The building of shared understanding between project stakeholders in the requirements elicitation phase is necessary for knowledge sharing and a key factor for successful information systems (IS) development. However, the processes that lead to shared understanding and successful knowledge sharing are still not well understood. We examine how stakeholders interact and use boundary objects during requirements elicitation in data warehouse development projects. We draw on Carlile’s (2004) framework for managing knowledge across boundaries and introduce the concept of brokering situations. Using the concept of brokering situations, we examine how shared understanding develops and knowledge is shared through the interplay of brokers, their individual knowledge, and boundary objects as well as through the alignment of project participants’ situation models. We contribute to the literature on knowledge sharing and requirements elicitation in three ways: by introducing the concept of brokering situations; by developing a theoretical framework – the boundary interaction framework – that provides an analytical perspective on the dynamics of knowledge sharing in requirements elicitation; and by applying the framework to show that both goal-driven (teleological) and conflict-driven (dialectical) motors of change explain process progress and the changes of brokers as well as boundary objects during the building of shared understanding.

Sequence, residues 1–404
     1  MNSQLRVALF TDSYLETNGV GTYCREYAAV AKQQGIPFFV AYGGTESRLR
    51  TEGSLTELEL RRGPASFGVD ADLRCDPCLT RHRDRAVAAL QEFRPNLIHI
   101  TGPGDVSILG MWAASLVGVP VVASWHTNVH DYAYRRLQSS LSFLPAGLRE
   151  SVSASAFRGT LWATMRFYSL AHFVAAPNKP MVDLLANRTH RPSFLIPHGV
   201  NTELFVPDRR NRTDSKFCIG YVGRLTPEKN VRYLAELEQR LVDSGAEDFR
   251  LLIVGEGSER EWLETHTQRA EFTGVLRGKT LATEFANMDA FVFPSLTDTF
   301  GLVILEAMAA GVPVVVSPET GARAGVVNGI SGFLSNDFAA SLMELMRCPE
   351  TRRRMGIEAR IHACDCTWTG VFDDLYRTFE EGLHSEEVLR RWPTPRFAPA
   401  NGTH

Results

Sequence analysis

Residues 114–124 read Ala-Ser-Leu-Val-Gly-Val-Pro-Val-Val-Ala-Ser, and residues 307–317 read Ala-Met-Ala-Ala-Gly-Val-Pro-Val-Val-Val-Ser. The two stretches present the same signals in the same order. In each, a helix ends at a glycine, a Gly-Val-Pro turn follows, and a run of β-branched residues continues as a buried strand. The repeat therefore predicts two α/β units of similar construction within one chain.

Rosenkranz, Christoph; Vranešić, Helena; and Holten, Roland
"Boundary Interactions and Motors of Change in Requirements Elicitation: A Dynamic Perspective on Knowledge Sharing,"
Journal of the Association for Information Systems:
6, Article 2.
Available at: http://aisel.aisnet.org/jais/vol15/iss6/2